November 1, 2015
Market Commentary November 2015
Values are high, rates are low – what happens next?
What has happened to real estate values and why?
- The Fed has suppressed interest rates for too long, which has made investors chase yield and returns.
- Real estate values have increased, as the combination of cheap debt and low cap rates are making today’s acquisition prices seem acceptable.
- This has created “artificially high values” in many areas of the real estate market.
What will happen next?
The Unlikely Scenario: 2008-Style Collapse and Dislocation
After many bearish years (while I am still not bullish on the market) I cannot see anything on the short-term horizon to indicate a massive dislocation, other than a black swan event in the United States. Here’s why:
- CMBS debt is in check: While underwriting is more aggressive, it’s not out of control and “B piece” buyers are keeping the market in check. New regulations are also working to keep the CMBS market in check.
- Banks are not over their skis: Banks have been giving it away in terms of pricing; however, they borrow at zero, so their spreads are fine and they have not lost their discipline on credit or underwriting.
- The economy is better than pundits say: For all the whining about a weak economy, from our view we are seeing more strength than weakness.
The Likely Scenario: The Slow Decline of Values
Get ready for a slow decline in real estate values that will affect the equity investor, but not the debt investor. Prediction: peak values in commercial real estate are in the rear view mirror.
The Slow Decline:
Did you ever have a slow leak in your car tire, maybe caused by a nail you cannot see? Initially, you ignore it and keep driving on it, hoping it’s a fluke. After a while, you put some air in the tire, and hope it’s a temporary issue that will go away. The next morning the tire is low again. Finally you capitulate and accept there is a problem.
That is the current commercial real estate market.
Potential Nails in the Road:
- Interest Rate Creep: A slow rise in short term interest rates (25 bps here, 50 bps there, etc.) and soon we are 100 bps higher than today. That will impact values.
- The market’s inability to accept higher prices/rents: Other than low rates, the backbone of the “value melt up” is the theory that rents can always keep rising. We believe this assumption carries significant risk, as rents are not rising as fast as income or profits.
The Bottom Line
Based on the above, many equity investors will be disappointed in many asset classes (stocks, real estate, etc.). They will not be crushed, just disappointed.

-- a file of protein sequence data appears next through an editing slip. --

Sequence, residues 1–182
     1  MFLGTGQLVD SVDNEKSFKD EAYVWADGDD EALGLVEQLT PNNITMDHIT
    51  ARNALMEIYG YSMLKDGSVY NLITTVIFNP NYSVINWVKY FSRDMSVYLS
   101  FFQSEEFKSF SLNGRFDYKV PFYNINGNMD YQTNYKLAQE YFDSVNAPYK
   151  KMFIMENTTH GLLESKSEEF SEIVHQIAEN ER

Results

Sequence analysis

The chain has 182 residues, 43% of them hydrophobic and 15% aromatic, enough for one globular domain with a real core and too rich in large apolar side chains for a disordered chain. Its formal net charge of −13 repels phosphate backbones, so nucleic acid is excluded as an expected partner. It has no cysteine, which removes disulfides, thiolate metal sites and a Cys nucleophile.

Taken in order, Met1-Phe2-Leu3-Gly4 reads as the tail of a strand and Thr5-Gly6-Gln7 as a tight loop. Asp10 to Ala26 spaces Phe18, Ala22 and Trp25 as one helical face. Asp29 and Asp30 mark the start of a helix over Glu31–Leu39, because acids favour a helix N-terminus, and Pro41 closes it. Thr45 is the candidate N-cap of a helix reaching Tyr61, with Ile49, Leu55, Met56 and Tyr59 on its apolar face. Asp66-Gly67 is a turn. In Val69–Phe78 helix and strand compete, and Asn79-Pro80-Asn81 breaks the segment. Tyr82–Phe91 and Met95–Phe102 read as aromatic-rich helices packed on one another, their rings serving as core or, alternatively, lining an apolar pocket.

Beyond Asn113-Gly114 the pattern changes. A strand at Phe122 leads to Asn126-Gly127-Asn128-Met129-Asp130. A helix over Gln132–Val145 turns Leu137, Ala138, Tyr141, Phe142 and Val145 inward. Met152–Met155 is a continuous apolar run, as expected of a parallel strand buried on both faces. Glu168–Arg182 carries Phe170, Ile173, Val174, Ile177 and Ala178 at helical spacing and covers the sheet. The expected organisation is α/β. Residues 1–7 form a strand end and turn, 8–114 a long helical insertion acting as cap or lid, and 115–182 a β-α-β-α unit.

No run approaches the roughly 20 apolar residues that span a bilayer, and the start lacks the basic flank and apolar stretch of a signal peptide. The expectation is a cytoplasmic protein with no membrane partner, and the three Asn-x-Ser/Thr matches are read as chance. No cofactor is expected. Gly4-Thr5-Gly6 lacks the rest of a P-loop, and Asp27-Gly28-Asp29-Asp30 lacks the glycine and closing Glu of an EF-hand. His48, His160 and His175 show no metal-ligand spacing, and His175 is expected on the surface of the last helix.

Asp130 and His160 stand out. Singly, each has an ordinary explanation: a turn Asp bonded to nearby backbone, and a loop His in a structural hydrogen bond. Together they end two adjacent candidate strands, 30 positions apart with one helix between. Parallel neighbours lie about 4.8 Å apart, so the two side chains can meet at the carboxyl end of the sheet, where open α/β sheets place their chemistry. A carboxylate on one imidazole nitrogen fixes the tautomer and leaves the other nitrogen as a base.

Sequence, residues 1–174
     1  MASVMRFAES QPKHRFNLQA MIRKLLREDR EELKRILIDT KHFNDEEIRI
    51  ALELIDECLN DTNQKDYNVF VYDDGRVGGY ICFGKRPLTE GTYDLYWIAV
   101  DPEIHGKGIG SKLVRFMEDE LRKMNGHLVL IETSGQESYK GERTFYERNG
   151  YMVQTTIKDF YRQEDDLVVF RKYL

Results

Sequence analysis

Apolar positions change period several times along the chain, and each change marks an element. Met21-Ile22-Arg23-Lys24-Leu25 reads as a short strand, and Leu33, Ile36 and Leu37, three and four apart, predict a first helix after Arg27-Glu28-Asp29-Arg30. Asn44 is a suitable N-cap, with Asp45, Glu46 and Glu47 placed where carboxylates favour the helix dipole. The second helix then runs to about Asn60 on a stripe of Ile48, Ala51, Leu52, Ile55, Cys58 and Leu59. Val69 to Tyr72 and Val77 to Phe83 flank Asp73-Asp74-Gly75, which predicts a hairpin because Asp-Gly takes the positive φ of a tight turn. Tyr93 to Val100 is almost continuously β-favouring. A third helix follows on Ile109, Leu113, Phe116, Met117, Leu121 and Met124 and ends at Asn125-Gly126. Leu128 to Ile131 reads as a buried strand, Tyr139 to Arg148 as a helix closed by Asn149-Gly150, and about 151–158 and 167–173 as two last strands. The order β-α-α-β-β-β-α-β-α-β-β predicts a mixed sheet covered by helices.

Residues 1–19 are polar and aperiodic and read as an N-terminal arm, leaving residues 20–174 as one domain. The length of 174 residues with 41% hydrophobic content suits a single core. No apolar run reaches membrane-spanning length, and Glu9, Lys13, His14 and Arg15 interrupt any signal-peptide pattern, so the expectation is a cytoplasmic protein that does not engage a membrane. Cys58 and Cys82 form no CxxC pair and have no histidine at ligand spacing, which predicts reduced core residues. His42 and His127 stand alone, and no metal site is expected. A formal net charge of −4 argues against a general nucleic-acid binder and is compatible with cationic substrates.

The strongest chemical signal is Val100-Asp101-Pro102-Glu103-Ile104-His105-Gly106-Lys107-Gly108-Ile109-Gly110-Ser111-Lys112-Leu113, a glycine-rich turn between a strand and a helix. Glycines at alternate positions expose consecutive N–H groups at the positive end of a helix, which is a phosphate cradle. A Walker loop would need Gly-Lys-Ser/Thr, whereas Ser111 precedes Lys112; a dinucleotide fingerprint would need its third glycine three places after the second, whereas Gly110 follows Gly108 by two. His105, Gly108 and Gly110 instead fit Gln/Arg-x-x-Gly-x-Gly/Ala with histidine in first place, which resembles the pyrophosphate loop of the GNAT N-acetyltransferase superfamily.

For the United States commercial real estate market, we don’t see a great collapse or huge dislocation, just a decline of returns, due to:
- Investors are paying too much for assets today
- Investors are using overly aggressive income and occupancy assumptions
How does JCR avoid this trap?
The first step to solving any problem is to know that a problem exists. So, we get it.
JCR is fortunate in many ways:
- We focus on the underserved middle market (asset under $50mm).
- We have very little national competition in our space.
- We have a long history in the business and are known for being predictable and reliable capital.
- Our opportunity set is driven more by the ownership structure of assets (life events) than the main market of larger assets.
- JCR is known as a niche player and we see many “off the run” opportunities.
For these reasons, we are still seeing and executing opportunities that we do not think will disappoint. Although these opportunities are harder to find, our deal flow is very robust and allows us to be very selective in building our current portfolio. We continue to hope for interest rate increases and other events that will disrupt the market, which will only serve to increase our deal flow and play to JCR’s strengths.
Important Information: This summary is not an offer to sell any security and intended for our institutional contacts. There is risk of loss with any investment and past performance is not a guarantee of future results. One cannot use graphs or charts alone in order to make an investment decision. Forward-looking statements, targets or opinions stated in this letter are opinions and subject to change. As a private real estate fund, investments are illiquid and investors cannot readily withdraw their investment in the funds. Portfolio performance can also be affected by general market conditions, interest rates, availability of credit and other economic conditions that affect real estate markets. Net IRR accounts for JCR’s best estimate of fund fees and expenses. We report only Gross IRR or Target Gross IRR at the investment level.